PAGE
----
Guinea Pig Health Question

Discussion in 'Other Pets & Livestock' started by High Roost Ranch, Aug 21, 2010.

  1. High Roost Ranch

    High Roost Ranch The Chicken Whisperer

    OK, we have this rescue guinea pig. I'm guessing Reggie is about a year old. He's with a little bun as a cage mate. They are both the same size. Bun is doing great. However, Reggie is getting thin, and I am seriously worried about him! He's on the correct guinea pig diet. I don't feed any bad greens. And lately, I've been restricting his diet to only the guinea pig formulated diet so I know he's supposedly getting what he needs. Does he need deworming? He appears to be in good health with the exception of him getting thin.

    Anyone have any ideas? The only other thing I can think of is a possible intestinal blockage from grooming the bunny. Would this cause him to go thin? And would something like Papaya break up any blockage he may have without killing him?
     
  2. michickenwrangler

    michickenwrangler To Finish Is To Win

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    Is the pig being harrassed by the rabbit? You could try giving a few cc's of mineral oil in a syringe, but I would personally take him to a vet. He could be anemic or have another underlying issue.
     
  3. Akane

    Akane Overrun With Chickens

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    Guinea pigs need unlimited hay. Alfalfa for pigs under about 6 months and grass hay (timothy, orchard, bluegrass....) for adult pigs. Rabbits should have it as well. The long stem fiber is very important in keeping their digestive tract moving, teeth worn down properly, and gives them easier to digest nutrients than the ones supplemented in to pellets. Our bodies all do better getting the vitamins and minerals from a food source than a synthesized powder. Guinea pigs also benefit greatly from fresh vegetables and a small amount of fruits daily. It's suggested for best health to feed them 1 cup of fresh foods daily. Pellets should make up a very small part of the diet. Only 1/8th to 1/4th cup daily. Pellets are a supplement like taking vitamin pills for us and do not contain everything the animal needs to stay healthy. That's one of the main reasons why the standard age for a guinea pig is listed at 4 years while those on good guinea pig forums and knowledgeable rescuers have guinea pigs living to 8years and occasionally more.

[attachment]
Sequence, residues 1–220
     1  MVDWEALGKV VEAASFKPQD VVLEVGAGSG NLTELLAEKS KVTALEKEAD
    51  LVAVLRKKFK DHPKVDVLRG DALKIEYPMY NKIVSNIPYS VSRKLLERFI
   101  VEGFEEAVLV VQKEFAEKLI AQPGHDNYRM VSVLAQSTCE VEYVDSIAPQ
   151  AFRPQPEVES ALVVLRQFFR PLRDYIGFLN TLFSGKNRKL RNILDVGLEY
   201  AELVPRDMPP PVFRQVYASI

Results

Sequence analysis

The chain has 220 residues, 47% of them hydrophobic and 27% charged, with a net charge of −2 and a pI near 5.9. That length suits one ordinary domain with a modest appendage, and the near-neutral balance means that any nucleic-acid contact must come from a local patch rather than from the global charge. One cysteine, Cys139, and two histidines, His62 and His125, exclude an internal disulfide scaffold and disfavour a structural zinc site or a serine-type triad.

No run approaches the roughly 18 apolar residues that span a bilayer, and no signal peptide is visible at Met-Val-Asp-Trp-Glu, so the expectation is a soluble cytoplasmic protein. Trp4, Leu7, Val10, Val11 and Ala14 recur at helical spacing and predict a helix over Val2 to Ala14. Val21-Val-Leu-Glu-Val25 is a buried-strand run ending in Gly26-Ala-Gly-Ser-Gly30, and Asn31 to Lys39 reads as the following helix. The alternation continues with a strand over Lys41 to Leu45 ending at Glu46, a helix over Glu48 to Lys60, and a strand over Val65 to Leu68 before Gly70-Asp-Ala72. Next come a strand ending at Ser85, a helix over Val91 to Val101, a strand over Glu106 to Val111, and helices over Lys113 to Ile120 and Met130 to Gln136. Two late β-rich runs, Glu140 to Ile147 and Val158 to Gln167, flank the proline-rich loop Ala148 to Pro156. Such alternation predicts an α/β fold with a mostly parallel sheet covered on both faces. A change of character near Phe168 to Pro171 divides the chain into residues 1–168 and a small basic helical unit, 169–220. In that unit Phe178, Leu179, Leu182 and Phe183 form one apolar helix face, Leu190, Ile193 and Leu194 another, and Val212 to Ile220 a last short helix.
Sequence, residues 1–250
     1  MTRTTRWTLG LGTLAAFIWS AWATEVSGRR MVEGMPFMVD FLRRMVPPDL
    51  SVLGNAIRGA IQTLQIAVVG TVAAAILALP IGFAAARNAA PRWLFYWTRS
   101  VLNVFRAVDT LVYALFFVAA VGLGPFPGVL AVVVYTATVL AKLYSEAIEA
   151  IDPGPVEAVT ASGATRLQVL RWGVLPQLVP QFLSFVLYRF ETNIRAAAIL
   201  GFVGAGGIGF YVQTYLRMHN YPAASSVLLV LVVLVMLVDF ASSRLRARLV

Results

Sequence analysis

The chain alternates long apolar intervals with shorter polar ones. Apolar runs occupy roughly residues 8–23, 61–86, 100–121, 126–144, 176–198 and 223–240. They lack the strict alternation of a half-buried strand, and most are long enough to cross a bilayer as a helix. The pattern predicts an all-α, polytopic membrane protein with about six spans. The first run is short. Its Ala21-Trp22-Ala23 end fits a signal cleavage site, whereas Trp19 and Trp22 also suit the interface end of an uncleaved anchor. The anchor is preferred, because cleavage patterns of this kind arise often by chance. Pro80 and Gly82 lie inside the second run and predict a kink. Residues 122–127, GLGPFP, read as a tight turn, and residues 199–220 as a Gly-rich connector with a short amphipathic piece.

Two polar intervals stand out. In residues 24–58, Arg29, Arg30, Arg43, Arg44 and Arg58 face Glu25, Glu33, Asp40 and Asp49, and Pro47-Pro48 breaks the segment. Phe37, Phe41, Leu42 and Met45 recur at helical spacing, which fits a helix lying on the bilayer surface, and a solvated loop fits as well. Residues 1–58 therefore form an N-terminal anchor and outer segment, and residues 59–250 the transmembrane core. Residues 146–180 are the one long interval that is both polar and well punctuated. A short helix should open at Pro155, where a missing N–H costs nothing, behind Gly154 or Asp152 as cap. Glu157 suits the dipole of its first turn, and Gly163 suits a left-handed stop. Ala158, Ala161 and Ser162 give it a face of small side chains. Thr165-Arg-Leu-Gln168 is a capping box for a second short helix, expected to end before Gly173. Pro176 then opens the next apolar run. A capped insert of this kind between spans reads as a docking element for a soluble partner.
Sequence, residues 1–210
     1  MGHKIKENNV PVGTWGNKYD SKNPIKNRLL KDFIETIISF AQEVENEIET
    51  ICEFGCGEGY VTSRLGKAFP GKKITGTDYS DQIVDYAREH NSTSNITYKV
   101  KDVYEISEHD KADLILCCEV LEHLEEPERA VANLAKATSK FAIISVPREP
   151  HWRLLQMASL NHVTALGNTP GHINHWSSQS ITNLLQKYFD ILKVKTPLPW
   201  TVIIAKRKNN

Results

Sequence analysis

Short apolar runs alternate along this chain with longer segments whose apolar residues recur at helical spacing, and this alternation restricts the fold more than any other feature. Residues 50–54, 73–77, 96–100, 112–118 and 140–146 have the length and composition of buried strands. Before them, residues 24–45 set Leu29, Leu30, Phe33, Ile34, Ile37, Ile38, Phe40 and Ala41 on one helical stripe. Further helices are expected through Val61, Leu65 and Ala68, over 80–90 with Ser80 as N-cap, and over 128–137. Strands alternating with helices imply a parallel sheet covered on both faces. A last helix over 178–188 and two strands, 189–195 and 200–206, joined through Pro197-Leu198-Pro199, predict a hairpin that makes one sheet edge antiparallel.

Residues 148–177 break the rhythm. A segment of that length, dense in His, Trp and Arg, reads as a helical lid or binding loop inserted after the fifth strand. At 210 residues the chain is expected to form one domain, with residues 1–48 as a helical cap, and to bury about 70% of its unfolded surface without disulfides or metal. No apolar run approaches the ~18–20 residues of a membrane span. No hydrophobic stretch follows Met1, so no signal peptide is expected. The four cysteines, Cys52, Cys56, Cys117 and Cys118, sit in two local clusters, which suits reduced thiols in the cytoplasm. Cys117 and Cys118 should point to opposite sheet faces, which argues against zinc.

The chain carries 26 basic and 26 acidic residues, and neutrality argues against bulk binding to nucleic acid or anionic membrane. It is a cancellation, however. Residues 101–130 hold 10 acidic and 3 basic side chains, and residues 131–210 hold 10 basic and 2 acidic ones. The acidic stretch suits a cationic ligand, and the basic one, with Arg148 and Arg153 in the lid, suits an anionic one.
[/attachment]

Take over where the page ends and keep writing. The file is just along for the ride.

A few other concernes....

    Even small rabbits can accidentally injure guinea pigs. They have very strong back legs that they use in a variety of ways to express displeasure or in fear. If something upsets or startles the rabbit it may thump it's feet and end up hitting the guinea pig. On a guinea pig forum there was a rabbit and pig pair that laid together all the time. One day something scared the rabbit and it jumped up accidentally hitting and killing the guinea pig.

    Guinea pigs and rabbits are both social animals but especially guinea pigs. They should always be kept in a pair or more. Males will require more cage space though and 10sq ft is the suggested minimum with 7sq feet being the minimum for females. See guineapigcages.com for how to build inexpensive large cages.

    See guinealynx.info for excellent information on health, illnesses, treatments, and several feeding charts.
     

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